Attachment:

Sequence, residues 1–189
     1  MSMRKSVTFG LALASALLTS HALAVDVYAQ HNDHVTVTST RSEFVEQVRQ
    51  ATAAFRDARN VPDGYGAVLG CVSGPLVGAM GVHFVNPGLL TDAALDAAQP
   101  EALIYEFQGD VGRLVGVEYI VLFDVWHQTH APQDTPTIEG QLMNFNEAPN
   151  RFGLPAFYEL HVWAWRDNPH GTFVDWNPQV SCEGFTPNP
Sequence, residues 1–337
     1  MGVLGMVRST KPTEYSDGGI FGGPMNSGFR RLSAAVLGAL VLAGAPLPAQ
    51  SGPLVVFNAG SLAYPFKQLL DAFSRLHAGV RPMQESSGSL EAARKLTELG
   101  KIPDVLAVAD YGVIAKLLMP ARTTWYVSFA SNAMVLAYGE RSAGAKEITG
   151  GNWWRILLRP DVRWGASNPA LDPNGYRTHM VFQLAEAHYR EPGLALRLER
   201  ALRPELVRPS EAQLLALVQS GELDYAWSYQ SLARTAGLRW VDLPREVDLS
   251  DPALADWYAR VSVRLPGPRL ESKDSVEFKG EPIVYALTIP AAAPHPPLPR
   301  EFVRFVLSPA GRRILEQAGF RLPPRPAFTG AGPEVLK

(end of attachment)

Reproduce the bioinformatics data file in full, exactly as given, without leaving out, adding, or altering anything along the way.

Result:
Sequence, residues 1–189
     1  MSMRKSVTFG LALASALLTS HALAVDVYAQ HNDHVTVTST RSEFVEQVRQ
    51  ATAAFRDARN VPDGYGAVLG CVSGPLVGAM GVHFVNPGLL TDAALDAAQP
   101  EALIYEFQGD VGRLVGVEYI VLFDVWHQTH APQDTPTIEG QLMNFNEAPN
   151  RFGLPAFYEL HVWAWRDNPH GTFVDWNPQV SCEGFTPNP
Sequence, residues 1–337
     1  MGVLGMVRST KPTEYSDGGI FGGPMNSGFR RLSAAVLGAL VLAGAPLPAQ
    51  SGPLVVFNAG SLAYPFKQLL DAFSRLHAGV RPMQESSGSL EAARKLTELG
   101  KIPDVLAVAD YGVIAKLLMP ARTTWYVSFA SNAMVLAYGE RSAGAKEITG
   151  GNWWRILLRP DVRWGASNPA LDPNGYRTHM VFQLAEAHYR EPGLALRLER
   201  ALRPELVRPS EAQLLALVQS GELDYAWSYQ SLARTAGLRW VDLPREVDLS
   251  DPALADWYAR VSVRLPGPRL ESKDSVEFKG EPIVYALTIP AAAPHPPLPR
   301  EFVRFVLSPA GRRILEQAGF RLPPRPAFTG AGPEVLK